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Spend a night in Lisbon

By Felix Imonti - posted Wednesday, 2 January 2013


Is there someone who has left this world and continues to dwell in your memories? If so, then you need to spend a night in Lisbon.

A Night in Lisbon is a lesser known work from Erich Remarque. All Quiet on the Western Front is his more famous novel and deals with the futility and horrors of war. A Night in Lisbon is concerned with the fragility of immortality.

The story is about a Jewish refugee who has fled from Nazi Germany with his German wife. Her brother, an official in the party is pursuing them across France towards the Spanish border.

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Eventually, he captures the main character of the story and plans to dispose of him, except that it is the Jew who strikes first. He kills his brother-in-law, steals the car, and flees with his ill wife to Portugal. He sells the car and has what appears to be a promising future. He has a visa for the United States and safety from the spreading war.

Instead, he goes to the casino in Lisbon where he meets another Jewish refugee. This one, however, has no money or visa. He has lost the last of his funds in the casino and is considering suicide.

He is offered money and the visa to safety to spend the night with the other. No, it is not a homo sexual relationship being offered. The man with the cash and the visa only wants to talk; and that is what they do throughout the night as they go from cafe to cafe.

In the morning, both go to the hotel room where the main character has been staying. The body of his wife is lying in the bed. She has died from her illness.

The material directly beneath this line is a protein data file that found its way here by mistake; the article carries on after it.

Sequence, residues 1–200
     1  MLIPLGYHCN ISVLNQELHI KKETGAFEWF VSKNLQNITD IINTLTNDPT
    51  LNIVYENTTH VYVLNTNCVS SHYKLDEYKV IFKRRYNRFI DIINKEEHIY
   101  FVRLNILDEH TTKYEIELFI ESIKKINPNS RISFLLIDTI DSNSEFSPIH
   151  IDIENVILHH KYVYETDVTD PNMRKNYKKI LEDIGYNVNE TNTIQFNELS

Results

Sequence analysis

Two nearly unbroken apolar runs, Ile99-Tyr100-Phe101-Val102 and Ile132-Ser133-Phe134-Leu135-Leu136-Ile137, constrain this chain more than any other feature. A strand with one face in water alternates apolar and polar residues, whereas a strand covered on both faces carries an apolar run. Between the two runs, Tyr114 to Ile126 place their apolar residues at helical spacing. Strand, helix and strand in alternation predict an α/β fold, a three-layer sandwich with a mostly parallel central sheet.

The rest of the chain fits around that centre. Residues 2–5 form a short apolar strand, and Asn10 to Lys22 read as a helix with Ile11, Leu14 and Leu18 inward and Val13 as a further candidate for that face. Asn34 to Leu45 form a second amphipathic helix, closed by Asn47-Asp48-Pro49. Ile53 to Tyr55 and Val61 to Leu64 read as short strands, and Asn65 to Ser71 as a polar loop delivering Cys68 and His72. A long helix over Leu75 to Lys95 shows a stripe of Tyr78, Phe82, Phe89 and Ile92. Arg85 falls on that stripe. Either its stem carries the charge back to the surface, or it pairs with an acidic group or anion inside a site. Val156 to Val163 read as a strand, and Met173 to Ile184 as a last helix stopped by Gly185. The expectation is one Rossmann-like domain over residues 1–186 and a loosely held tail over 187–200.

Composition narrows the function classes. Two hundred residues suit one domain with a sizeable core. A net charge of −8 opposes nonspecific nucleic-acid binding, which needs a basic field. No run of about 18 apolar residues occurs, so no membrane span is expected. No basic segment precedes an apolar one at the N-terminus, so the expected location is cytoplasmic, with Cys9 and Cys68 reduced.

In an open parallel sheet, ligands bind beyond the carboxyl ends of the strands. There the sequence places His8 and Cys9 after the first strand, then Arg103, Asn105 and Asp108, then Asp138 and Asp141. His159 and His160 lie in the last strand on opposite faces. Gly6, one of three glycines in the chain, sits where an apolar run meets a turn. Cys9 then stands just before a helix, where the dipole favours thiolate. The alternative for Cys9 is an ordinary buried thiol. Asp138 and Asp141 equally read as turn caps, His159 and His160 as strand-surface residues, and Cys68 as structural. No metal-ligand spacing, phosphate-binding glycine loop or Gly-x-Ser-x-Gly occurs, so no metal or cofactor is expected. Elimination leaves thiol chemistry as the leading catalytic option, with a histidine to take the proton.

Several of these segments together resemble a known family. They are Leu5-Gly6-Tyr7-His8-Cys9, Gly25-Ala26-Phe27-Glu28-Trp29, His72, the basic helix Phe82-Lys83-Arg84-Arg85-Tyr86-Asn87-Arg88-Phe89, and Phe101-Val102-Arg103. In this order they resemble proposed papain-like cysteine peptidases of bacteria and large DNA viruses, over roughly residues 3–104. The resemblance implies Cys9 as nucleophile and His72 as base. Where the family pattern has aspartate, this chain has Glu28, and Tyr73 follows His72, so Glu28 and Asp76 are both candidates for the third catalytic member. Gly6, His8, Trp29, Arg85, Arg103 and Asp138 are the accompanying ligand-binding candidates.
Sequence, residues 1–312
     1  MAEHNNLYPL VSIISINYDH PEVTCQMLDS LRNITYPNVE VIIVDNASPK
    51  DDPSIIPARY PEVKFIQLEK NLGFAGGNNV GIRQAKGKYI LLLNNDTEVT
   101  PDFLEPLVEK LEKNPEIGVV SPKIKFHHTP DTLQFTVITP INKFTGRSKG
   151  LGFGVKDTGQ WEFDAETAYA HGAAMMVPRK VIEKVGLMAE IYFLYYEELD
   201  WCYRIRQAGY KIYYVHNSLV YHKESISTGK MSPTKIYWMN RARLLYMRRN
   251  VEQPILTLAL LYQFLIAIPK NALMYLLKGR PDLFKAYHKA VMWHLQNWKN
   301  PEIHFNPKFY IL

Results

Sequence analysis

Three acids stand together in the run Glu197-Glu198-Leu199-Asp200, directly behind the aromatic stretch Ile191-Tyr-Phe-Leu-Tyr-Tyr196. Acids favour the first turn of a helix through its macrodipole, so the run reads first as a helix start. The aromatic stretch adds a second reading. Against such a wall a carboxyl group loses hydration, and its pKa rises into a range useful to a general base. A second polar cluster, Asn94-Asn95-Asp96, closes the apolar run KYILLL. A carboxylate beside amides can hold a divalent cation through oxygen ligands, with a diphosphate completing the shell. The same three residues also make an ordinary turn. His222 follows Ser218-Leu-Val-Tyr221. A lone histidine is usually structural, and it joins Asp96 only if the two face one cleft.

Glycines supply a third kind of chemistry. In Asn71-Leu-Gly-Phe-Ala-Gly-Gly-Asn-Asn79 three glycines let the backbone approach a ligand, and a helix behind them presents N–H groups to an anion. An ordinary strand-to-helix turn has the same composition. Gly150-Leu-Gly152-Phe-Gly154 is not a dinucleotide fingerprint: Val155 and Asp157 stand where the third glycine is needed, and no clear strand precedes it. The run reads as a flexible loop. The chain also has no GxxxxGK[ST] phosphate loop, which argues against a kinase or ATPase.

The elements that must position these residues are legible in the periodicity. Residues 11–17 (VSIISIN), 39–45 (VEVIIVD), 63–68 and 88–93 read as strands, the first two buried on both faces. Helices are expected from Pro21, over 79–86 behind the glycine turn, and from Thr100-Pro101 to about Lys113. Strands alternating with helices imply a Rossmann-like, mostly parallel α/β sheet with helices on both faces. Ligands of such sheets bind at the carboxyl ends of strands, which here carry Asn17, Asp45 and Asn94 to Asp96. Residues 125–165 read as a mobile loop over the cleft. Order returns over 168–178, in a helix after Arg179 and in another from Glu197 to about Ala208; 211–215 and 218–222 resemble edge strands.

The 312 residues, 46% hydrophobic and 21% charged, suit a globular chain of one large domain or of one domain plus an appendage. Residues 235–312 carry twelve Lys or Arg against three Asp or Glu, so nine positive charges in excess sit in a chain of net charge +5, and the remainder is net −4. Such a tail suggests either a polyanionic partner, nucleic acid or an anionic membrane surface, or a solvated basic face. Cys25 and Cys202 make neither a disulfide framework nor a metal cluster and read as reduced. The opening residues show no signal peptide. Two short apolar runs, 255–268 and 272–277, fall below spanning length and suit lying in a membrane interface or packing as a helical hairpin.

They prepare her body for burial. The beneficiary of this tale asks why the other is doing what he is doing. He does plan to return to Germany where he knows that his future is certain death, but he no longer cares.

The reason that he wants to share the tale about himself and his wife was to grant her immortality. So long as someone else remembers her, she will continue to exist. When her memory vanishes from the human mind, she will vanish from the universe for all time.

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The tale was of particular potency to me because I read it shortly after my first wife died of cancer. I had to remove her name from various documents and clear the closet of her clothes. As I did, I felt as if I were killing her a second time as each act shrank her presence in the world.

The morning after her death, I awakened to the sound of birds on the tree just outside of the window. The traffic was passing as it did every morning. The world had not changed, except that she was no longer a part of it. She was there in my memory and in the memories of those who had known her. Eventually, though, we too would pass and she would vanish into the emptiness of time.

It is for that reason that I was determined to place her name on the cover of a book as a coauthor. That does not rely upon the fragile human memory. Years in the future, there will be a copy of that book on a shelf somewhere. Likely, it has been digitalized and will survive in countless electronic archives. There will be her immortality and I realized as I packed the last of her clothes to send to a shelter for women that it was the final gift that I could give to her.

So, if you have someone to remember, I urge you to spend a night in Lisbon. You will realize that you are not alone in your quest to grant immortality to another.

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About the Author

Felix Imonti is a retired director of a private equity firm and currently lives in Japan. He has recently published the book Violent Justice, and regularly writes articles in the fields of economics and international politics.

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Creative Commons LicenseThis work is licensed under a Creative Commons License.

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